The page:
Innovation in Addictions Management: A Fresh Start at Thunder Bay’s Shelter House
by the North West Local Health Integration Network
The new year is often said to be a time for fresh starts and new outlooks, and in 2017 that was certainly the case at Thunder Bay’s Shelter House. Following the announcement that the North West LHIN will provide $185,000 in new funding for Shelter House’s Managed Alcohol Program (MAP), the community in Northwestern Ontario took notice, with plenty of positive media coverage and excitement surrounding this innovative program.
MAPs provide residents with regular doses of alcohol, along with other supports, to help them manage their addiction and to keep them safe. The funding provided by the North West LHIN will keep Thunder Bay’s MAP running until June 2017, and will offer an opportunity to conduct a comprehensive review of the program and explore the best possible way to deliver this important service while also examining the possibility of more stable, long-term funding, moving forward.
“We’ve been getting a lot of great coverage,” says Gary Mack, Executive Director of Shelter House. “We’re actually an organization that’s often in the public eye, but we’ve been getting great feedback, especially about the MAP. When it first started, it was controversial but it doesn’t feel controversial anymore. People recognize that there’s a need for managed alcohol programming, and I don’t find myself defending it. It’s a different world now, and I think people are really understanding. It’s a great intervention, and I think the community is very impressed with what we’re doing.”
That programming has been a lifeline for Ramsey and his friend, Katrina, who are residents at Shelter House and part of the MAP. “The service is excellent here,” says Ramsey, who at one time was homeless and living with an alcohol addiction. “There’s a strong sense of community, and the people here have really helped us get back on our feet. We have stability, we get healthier meals, and we’re more comfortable and our lives have a healthy routine.”
Stories like that of Ramsey and Katrina are not uncommon at Shelter House, which provides a wide range of services and more than 18,000 meals a month to those in need. By creating a welcoming and stable environment that helps Thunder Bay’s homeless population to develop their independence and reclaim their health, initiatives like the MAP are giving residents like Ramsey and Katrina a second chance.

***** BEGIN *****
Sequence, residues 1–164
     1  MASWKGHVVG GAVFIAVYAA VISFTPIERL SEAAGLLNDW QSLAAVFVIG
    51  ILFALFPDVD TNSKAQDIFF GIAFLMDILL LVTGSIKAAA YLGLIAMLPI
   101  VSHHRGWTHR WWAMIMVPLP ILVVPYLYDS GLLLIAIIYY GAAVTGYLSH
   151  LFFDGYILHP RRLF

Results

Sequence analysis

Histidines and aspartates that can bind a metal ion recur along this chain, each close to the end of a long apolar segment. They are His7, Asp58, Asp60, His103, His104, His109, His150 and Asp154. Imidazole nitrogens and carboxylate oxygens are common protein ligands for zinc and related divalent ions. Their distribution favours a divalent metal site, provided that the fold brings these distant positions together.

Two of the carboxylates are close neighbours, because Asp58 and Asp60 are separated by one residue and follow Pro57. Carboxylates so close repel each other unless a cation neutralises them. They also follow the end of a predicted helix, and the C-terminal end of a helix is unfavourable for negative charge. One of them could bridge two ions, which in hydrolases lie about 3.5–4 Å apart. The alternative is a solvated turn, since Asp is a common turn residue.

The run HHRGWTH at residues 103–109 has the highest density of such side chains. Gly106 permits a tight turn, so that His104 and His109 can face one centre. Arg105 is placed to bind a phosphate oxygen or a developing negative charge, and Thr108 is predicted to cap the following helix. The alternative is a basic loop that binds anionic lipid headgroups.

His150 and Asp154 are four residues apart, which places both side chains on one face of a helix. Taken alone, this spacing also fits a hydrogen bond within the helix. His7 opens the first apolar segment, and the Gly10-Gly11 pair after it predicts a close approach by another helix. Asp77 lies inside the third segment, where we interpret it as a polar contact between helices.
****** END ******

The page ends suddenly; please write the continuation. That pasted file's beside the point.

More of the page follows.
“We serve residents breakfast and help them manage appointments, their medications and their daily routine,” says Jussi Jousmaki, a support worker who has been at Shelter House for more than eight years. “I studied Aboriginal Law, and I could have easily ended up in a different line of work. But after finding out about Shelter House and the work being done here, I fell in love with the programs and the people and realized this is somewhere I could really make a difference. We’re working to not just make people healthy physically, but also spiritually.”
That holistic approach has proven to be life-changing for people like Ramsey and Katrina, and to the community at large. With a renewed, positive interest around Shelter House and the positive impact it is having in the City of Thunder Bay, the people of Northwestern Ontario, including the city’s homeless, are being given a chance to realize better health outcomes and improved quality of life.
“You can’t get well if you’re in chaotic, unstable conditions,” says Gary. “It can be busy and hectic here, at Shelter House, but there’s a stability here that gives people an opportunity to make positive changes. One of our first residents to take part in the MAP is now working in health care in her home community. She came to visit at Christmas time and made a donation here because she was so grateful for the experience that she had here. It’s a remarkable story.”
Kenora Managed Alcohol Program
The North West LHIN is also funding a MAP in Kenora, which operates through the Morningstar Centre at Lake of the Woods District Hospital.
Kenora’s MAP provides 10 individuals with a safe and secure living situation to physically stabilize, relearn basic skills and reconnect with the community and their families. The program aims to reduce contact with police, emergency department visits, hospital admissions, overall health care costs, and to improve the participant’s quality of life.